Bad timing then for the Election Assistance Commission, created in the wake of the 2000 presidential election’s hanging-chad debacle and tasked with overseeing federal election standards, to be completely leaderless.
Not one of the body’s four commissioner seats is filled, and it looks like they’ll remain vacant for the foreseeable future.
Adding to the leadership vacuum, the commission’s executive director left last November. Filling in has been general counsel Mark Robbins — although he has been nominated to another post, and could leave the agency if confirmed.
Routine business in the leadup to the elections hasn’t ground to a halt, exactly — there’s still a $16.2 million budget and a bunch of folks showing up to work. And before the commissioners turned out the lights, they passed rules delegating staff with day-to-day duties like approving voting equipment.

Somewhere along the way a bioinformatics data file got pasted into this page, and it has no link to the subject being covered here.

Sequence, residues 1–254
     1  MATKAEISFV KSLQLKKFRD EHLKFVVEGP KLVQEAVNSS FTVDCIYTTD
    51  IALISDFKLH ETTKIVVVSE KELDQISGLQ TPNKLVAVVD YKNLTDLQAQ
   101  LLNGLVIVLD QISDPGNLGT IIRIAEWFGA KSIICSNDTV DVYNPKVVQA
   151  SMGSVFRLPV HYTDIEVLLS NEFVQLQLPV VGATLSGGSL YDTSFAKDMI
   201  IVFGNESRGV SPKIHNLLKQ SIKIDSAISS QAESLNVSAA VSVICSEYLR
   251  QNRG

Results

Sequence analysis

But without commissioners, the commission can’t rule on appeals, hold meetings or hearings and approve new standards that were supposed to be finalized in 2010.
And that seems to be just the way Republicans want it. Congressional Republicans have blasted the EAC, saying it has outlived its original purpose of doling out federal election-aid money to states. The House passed a bill to kill it entirely.
Gracia Hillman, a former Democratic commissioner, sees politics at play. “Republicans have certainly had their way with the commission,” she said, by letting it wither on the vine.
But, she says, Democrats should push harder. The White House, after all, hasn’t sent the Senate names for the two empty Republican slots.
Still, pushing harder may be easier said than done.
Currently, the two commissioner nominations — both Democrats — are awaiting action in the Senate Rules committee. A third nominee, a Republican, withdrew this year. Typically, the committee would move the nominees by pairing a Democrat and a Republican, but without a GOP nominee, there’s little leverage in the closely divided Senate.
Looks like the elections will happen without them.